Delta variant impact on June 21st easing – delay or reduce?

Having explored what pandemic advisers might be seeing and highlighting to decision-makers in Government, I run scenarios with different settings for the planned June 21st relaxation of lockdown, the last in the series of relaxations over the first half of 2021, following the January 3rd lockdown. These model scenarios show examples of what the relative consequences of the June 21st relaxation as planned, versus four other options:- cancellation of the June 21st step altogether, two different delays, of 28 and 56 days, and lastly a 50% reduction in the scope of the June 21st relaxation.

Exploring new variants, vaccines and NPIs

There has been increasing concern recently about SARS-Cov-2 variants that might escape vaccines to some extent, as well as having different transmission rates (as the Kent variant does), and causing different severity of illness with higher mortality. I have added a vaccination efficacy modifier, var_eff, by variant, as a multiplier to the standard vaccination efficacy, vac_eff, to help model such potential variants that have a partial or total capability to escape vaccines, and this post shows examples of how that works, using a third variant introduced to the model on January 1st 2021. In addition, I have completed adding fSS (the fraction of people becoming seriously sick from each variant) and fmort (fatality of the variant) by Covid variant.

Introduce Yourself (Example Post)

This is an example post, originally published as part of Blogging University. Enroll in one of our ten programs, and start your blog right. You’re going to publish a post today. Don’t worry about how your blog looks. Don’t worry if you haven’t given it a name yet, or you’re feeling overwhelmed. Just click theContinue reading “Introduce Yourself (Example Post)”

Introduce Yourself (Example Post)

This is an example post, originally published as part of Blogging University. Enroll in one of our ten programs, and start your blog right. You’re going to publish a post today. Don’t worry about how your blog looks. Don’t worry if you haven’t given it a name yet, or you’re feeling overwhelmed. Just click theContinue reading “Introduce Yourself (Example Post)”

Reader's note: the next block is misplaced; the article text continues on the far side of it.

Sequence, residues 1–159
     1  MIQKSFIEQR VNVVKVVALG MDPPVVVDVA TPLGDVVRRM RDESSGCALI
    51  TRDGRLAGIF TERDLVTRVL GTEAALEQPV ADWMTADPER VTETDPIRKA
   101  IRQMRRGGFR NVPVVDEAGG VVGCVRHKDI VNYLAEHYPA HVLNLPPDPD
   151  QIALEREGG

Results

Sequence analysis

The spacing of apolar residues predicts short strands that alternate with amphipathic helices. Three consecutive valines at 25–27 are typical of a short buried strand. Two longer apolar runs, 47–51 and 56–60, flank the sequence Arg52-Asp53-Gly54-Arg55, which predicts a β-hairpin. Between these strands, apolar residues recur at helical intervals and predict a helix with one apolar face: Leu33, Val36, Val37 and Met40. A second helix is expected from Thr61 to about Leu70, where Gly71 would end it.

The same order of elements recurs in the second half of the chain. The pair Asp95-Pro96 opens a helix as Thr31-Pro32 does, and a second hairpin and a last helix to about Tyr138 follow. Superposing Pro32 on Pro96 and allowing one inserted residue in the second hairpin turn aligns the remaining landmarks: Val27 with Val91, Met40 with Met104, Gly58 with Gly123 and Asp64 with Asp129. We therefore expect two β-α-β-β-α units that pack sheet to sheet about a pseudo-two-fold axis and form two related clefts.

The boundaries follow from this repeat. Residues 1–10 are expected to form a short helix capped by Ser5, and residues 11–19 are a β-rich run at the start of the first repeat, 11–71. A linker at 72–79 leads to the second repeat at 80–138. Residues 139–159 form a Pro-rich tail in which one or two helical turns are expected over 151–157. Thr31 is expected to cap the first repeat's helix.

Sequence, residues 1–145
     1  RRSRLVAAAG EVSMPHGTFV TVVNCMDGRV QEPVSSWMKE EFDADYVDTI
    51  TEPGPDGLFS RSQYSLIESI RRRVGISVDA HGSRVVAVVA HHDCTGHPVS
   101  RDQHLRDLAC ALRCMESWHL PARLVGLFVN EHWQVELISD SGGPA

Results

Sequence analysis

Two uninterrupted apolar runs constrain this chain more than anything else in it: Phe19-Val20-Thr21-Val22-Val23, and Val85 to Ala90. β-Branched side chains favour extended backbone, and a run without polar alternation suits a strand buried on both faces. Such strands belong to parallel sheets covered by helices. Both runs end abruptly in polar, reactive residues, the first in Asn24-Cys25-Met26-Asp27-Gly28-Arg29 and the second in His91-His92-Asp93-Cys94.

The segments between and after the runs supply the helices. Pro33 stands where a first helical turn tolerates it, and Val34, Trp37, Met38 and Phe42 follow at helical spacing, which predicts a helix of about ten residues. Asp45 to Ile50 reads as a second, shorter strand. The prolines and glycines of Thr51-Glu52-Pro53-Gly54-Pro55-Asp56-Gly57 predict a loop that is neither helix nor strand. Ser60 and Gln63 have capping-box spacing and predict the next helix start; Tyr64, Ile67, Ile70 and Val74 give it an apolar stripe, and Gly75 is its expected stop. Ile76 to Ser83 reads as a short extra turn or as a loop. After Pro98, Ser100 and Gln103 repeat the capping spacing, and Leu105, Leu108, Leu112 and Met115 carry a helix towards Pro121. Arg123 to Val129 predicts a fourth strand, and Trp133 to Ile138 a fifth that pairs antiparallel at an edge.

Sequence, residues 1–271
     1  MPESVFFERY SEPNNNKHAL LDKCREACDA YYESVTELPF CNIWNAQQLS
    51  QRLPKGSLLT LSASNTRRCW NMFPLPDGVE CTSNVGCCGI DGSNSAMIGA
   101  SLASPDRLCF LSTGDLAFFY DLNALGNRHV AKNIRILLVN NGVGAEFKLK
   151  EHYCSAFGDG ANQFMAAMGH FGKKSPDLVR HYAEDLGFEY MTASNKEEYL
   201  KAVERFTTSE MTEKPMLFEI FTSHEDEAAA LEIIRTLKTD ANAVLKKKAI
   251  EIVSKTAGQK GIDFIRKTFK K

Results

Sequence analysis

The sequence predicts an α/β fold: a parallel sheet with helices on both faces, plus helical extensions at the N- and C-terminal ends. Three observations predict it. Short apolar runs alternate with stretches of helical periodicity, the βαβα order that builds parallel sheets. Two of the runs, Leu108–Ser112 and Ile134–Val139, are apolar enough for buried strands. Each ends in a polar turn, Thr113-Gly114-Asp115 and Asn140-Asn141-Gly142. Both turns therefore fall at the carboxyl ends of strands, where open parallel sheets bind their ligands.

Introduce Yourself (Example Post)

This is an example post, originally published as part of Blogging University. Enroll in one of our ten programs, and start your blog right. You’re going to publish a post today. Don’t worry about how your blog looks. Don’t worry if you haven’t given it a name yet, or you’re feeling overwhelmed. Just click theContinue reading “Introduce Yourself (Example Post)”

Current Coronavirus model forecast, and next steps

My model is currently fitting deaths data for the UK, on the originally modelled basis of Government published “all settings” deaths. I plan to compare results by looking at the Gompertz function and Sigmoid charts that Michael Levitt uses.

Coronavirus modelling work reported by the BBC

This article by the BBC’s Rachel Schraer explores the modelling for the progression of the Coronavirus Covid-19. In the article we see some graphs showing epidemic growth rates, and in particular this one showing infection rate dependency on how many one individual infects in a given period. https://www.bbc.co.uk/news/health-52056111 This chart led me to look intoContinue reading “Coronavirus modelling work reported by the BBC”

Coronavirus – possible trajectories

I guess the UK line in the Johns Hopkins chart, reported earlier, might well flatten at some point soon, as some other countries’ lines have. But if we continue at 3 days for doubling of cases, according to my spreadsheet experiment, we will see over 1m cases after 40 days. See:https://docs.google.com/spreadsheets/d/1kE_pNRlVaFBeY5DxknPgeK5wmXNeBuyslizpvJmoQDY/edit?usp=sharingand the example outputs attachedContinue reading “Coronavirus – possible trajectories”

Coronavirus – forecasting numbers

A few people might have see the Johns Hopkins University Medical School chart on Covid-19 infection rates in different countries. This particular chart (they have produced many different outputs, some of them interactive world incidence models – see https://coronavirus.jhu.edu/map.html for more) usefully compares some various national growth rates with straight lines representing different periods overContinue reading “Coronavirus – forecasting numbers”

Coronavirus modelling – GLEAMviz15

Here’s the kind of stuff that the Covid-19 modellers will be doing. https://www.nature.com/articles/srep46076.pdf I have downloaded GleamViz, http://www.gleamviz.org/simulator/client/, and it is quite complicated to set up (I used to have a little Windows app called Wildfire that just needed a few numbers to get a pictorial progression of life/recovery/death from the disease, depending on infectivity,Continue reading “Coronavirus modelling – GLEAMviz15”